What started out as another record-breaking day for the market ended on a sour note. Already feeling the weight of incredible gains, the wrong interest rate rhetoric from Fed chief Jerome Powell sent the S&P 500 to a close of 2,923.73, down 0.75% from Tuesday’s final trade.
Advanced Micro Devices (NASDAQ:AMD) set the tone, and pace, for that pullback, losing 3.0% following a Q1 earnings report that was better than what analysts were expecting, but it still failed to fully satisfy traders’ unspoken expectations. Molson Coors Brewing (NYSE:TAP) fell more than 7% after missing its first-quarter forecasts.
There were a handful of winners. Apple (NASDAQ:AAPL) was one of them, jumping nearly 5% in response to a quarterly earnings report that topped relatively low expectations. Sales, as well as unit sales of the iPhone, were down year-over-year, but investors were and still are optimistic about the potential of its services business.
None are great trading prospects headed into Thursday’s session though. Rather, it’s stock charts of Brighthouse Financial (NASDAQ:BHF), ConocoPhillips (NYSE:COP) and Cisco Systems (NASDAQ:CSCO) that are shaping up as your best bets. Here’s what’s happening, and what has to happen next.
Cisco Systems (CSCO)
The tone and timbre of Cisco Systems changed late last month, by virtue of a move out of a well-established uptrend and into a sideways rut. CSCO isn’t in an irreversible downtrend just yet. But, as of yesterday’s action, it’s one bad day away from falling into more serious trouble.
Just as bad, there’s a ton of room and reason for Cisco to slide lower if the bears can deliver just one more decent blow. The stage is already set.
- The make-or-break line is around $55.40, plotted in red on the daily chart. Cisco has found a low near the first three days of this week.
- CSCO shares are certainly ripe for some selling. The stock is now 16.7% above its white 200-day moving average line, which is about as much divergence as shares have demonstrated in the past.
- Fanning the flames of a potential pullback is the weekly chart’s RSI indicator now being in bullish territory above the 70 level.
Brighthouse Financial (BHF)
Brighthouse Financial isn’t exactly a household name. Not only is its $4.9 billion market cap just not enough weight to garner much in the way of media attention, but the company has also only been a publicly traded entity since the middle of 2017, when it was spun off from Metlife. It didn’t get started on a great foot either, falling out of the gate, and then continuing to fall through late last year.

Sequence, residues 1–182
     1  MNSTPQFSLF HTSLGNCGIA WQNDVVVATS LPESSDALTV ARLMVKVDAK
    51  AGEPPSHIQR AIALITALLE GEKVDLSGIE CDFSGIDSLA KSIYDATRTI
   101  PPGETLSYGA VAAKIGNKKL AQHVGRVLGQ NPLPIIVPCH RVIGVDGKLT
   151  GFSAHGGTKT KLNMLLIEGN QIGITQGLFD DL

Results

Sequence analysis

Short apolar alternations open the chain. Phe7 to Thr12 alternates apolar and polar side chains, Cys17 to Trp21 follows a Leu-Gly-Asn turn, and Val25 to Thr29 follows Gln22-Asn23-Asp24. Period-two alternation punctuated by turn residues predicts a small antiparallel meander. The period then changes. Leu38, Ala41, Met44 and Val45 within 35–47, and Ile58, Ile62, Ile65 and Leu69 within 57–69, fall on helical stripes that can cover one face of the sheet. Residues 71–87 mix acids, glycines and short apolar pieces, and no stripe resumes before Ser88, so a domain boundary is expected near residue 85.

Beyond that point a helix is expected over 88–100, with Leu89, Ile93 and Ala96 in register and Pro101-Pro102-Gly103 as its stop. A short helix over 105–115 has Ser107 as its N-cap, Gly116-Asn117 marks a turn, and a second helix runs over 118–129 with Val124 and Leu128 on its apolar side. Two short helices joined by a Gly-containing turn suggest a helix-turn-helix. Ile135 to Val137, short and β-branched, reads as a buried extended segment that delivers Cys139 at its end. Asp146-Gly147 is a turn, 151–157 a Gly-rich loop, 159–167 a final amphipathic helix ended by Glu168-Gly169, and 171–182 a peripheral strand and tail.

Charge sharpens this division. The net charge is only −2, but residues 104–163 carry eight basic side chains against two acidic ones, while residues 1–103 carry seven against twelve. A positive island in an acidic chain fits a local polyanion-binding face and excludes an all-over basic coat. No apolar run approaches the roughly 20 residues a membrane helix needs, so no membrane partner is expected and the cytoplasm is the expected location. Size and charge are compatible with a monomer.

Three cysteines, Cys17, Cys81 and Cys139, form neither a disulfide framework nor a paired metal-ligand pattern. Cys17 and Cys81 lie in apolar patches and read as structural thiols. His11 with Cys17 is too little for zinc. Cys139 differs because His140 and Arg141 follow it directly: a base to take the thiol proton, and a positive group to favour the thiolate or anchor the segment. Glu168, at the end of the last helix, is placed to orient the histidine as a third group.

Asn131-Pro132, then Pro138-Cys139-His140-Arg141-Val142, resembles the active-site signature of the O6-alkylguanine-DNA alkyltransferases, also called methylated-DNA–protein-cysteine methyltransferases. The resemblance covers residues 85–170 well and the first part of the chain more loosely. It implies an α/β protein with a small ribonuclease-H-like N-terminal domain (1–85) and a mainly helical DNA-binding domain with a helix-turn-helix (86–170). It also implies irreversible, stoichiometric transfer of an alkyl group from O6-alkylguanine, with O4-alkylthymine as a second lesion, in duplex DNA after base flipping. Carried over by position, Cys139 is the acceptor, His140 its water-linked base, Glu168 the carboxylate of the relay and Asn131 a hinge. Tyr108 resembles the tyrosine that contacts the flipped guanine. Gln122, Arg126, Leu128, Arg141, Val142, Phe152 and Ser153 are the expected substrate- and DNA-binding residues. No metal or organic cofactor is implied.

The past few months have been distinctly different though, and decidedly better. They’ve been so good, in fact, that the stock is one step away from kicking off a self-fueled rally supported by an oddly low valuation.
- Last month, BHF pushed its way back above the 200-day moving average line, plotted in white on both stock charts. This instance looks like it’s going to stick.
- As of this week, the purple 50-day average has crossed above the aforementioned 200-day line. This event, highlighted in blue, is called a golden cross and generally portends the beginning of a bigger rally.
- The volume since the turn in January has been leaning bullishly, as suggested by the fact that the weekly chart’s Chaikin line is above zero, and still rising.
- The last line to watch is the resistance line that tags all the peaks since October. That technical ceiling is plotted with a yellow dashed line on both stock charts.
When we last looked at ConocoPhillips a week ago, it had just broken below a key technical support level, but it had been meeting increasingly tough resistance for several weeks. The stock followed through on that rekindled downtrend that very day. But, it was a flawed follow-through in that it left behind a gap that needed to be filled.
Sure enough, the stock bounced, closing the gap yesterday. The stock may well be back in serious trouble again though, given the shape of Wednesday’s bar and the backdrop of that move.
- The gap is highlighted on the daily chart. Yesterday’s high of $64.53 filled the gap, but the sellers tore right back in to close near the low for the day. That’s a sign that the mode remains net-bearish.
- Bolstering the bearish case is the degree of volume behind Wednesday’s rollover. But, that wasn’t exactly a shocking development. Bearish volume has been above average and growing since mid-April.
- For better or worse, ConocoPhillips is still being pushed around by the sentiment surrounding oil and natural gas prices. COP can’t be traded entirely in a vacuum.
As of this writing, James Brumley did not hold a position in any of the aforementioned securities. You can learn more about James at his site, jamesbrumley.com, or follow him on Twitter, at @jbrumley.
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